Transfer the contents of the oven dish to a pressure cooker or stock pot, including all the juices.

Deglaze the oven dish with some of the water.

Scrape the bottom of the oven dish with a wooden spatula to include all the tasty bits into the stock.

Add all of the water, including that used to deglaze the oven dish, to the pressure cooker or stock pot.

Cover and bring to a boil. Reduce the heat and pressure cook for 2 hours or simmer for 4 hours in a regular stockpot.

Turn off the heat. If using a pressure cooker, wait until the pressure has dropped or help things along by pouring cold water on top of the pressure cooker.

Drain the stock using a colander first to get rid of the larger solids.

Use a fine sieve to eliminate the smaller solids as well.

Allow to cool down (first in an ice water bath, then in the refrigerator overnight).

The fat will rise to the top and solidify. It is now easy to remove.

Reserve the fat and use it to roast vegetables or to brown meat. It is very flavorful.

The cold stock has turned into jelly because of the gelatin. Use it as is (e.g. for soup or risotto) or…

…bring to a simmer and reduce as much as desired.

Reduce to 125 ml (1/2 cup) to obtain a delicious pork demi-glace.

Stock can be stored in the refrigerator for a few days, or frozen for months. The reduced version frozen in an ice cube tray makes for a very easy way to make sauces or otherwise add flavor to your dishes. Conor calls them flavor bombs, which is exactly what they are.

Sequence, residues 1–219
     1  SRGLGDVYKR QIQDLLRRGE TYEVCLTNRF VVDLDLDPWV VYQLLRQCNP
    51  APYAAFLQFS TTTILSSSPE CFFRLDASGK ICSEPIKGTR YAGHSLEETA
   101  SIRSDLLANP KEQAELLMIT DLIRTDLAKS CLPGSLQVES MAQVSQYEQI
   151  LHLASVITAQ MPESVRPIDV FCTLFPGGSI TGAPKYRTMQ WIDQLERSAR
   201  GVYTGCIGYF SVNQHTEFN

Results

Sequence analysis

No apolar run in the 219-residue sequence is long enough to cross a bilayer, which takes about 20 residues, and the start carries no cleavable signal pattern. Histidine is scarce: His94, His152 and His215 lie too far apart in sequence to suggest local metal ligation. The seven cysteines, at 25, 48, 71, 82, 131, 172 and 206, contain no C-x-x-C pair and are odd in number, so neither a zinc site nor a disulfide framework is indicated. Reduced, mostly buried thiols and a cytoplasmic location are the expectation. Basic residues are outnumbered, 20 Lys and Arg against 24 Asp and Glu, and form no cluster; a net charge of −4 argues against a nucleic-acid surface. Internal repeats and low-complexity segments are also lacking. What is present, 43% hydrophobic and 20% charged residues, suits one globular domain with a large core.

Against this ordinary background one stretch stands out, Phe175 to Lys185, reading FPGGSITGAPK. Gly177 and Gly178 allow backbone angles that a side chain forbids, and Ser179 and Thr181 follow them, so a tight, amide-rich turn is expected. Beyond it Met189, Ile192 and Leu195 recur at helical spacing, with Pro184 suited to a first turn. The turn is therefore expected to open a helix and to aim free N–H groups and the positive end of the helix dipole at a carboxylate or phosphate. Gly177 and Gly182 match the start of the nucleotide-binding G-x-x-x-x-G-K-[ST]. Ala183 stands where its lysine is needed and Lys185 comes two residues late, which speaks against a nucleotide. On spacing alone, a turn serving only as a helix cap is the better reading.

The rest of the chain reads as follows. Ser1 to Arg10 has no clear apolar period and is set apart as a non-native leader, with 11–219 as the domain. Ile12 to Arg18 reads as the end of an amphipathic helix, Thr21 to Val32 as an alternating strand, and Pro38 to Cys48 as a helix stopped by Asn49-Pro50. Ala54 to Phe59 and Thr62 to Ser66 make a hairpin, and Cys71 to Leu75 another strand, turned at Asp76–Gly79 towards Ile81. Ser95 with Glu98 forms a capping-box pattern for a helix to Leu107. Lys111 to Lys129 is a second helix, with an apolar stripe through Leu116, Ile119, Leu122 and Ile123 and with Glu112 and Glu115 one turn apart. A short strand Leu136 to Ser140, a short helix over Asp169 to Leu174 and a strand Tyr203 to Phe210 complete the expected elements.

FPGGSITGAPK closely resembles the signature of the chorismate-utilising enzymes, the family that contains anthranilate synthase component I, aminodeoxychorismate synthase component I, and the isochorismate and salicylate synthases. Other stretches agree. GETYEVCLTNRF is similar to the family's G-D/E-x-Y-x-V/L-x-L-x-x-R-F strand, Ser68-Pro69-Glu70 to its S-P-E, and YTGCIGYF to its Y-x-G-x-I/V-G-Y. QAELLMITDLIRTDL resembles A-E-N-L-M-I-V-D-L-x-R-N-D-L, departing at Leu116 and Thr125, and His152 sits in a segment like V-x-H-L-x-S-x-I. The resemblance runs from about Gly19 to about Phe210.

Two years ago I postd about a sauerkraut and smoked mackerel quiche. Although this may sound like a strange combination, I can assure you that it is delicious. Especially with a good glass of riesling…


16 thoughts on “Homemade Pork Stock

  1. I always make my own stock, it is SO much better… I normally do a two-in-one by cooking meat I want tender, such as spareribs, and then I take care of the stock.
    I also save the “trimming” when I take off hard parts, small pieces with bone, etc, so I have some discarded meat in the freezer to use whenever I need a stock.
    Well done, Stefan, we all need to be reminded of how to use all pieces of the animal, and how easy it is to make our own stock.


  2. Great advice! I can’t imagine a kitchen without good home made stock in the freezer. I know an extraordinary chef/teacher who calls stock the cornerstone of the kitchen!


  3. A lot of good points on that stock checklist! Must admit I have not used minced meat to make my stocks, but this is the second time I have read the advice on your blog so simply must try! Also have to think back wondering whether I have made pork stock: the others are always in the freezer . . . as I work from home, love the aroma wafting from my kitchen on cooking days!!


  4. Try as I might, Stefan, I do not recall anyone making a pork stock in my family. Pork was used in lentil and bean soups but they’re hardly stock. This is a great “how to” post with a little something for everyone, even the most experienced cook. And the shot of the jellied stock is a thing of beauty. 🙂


  5. Good recipe. 1 little improvement during the sieving stage: try forcing juice out of the veggies with the back of a spoon.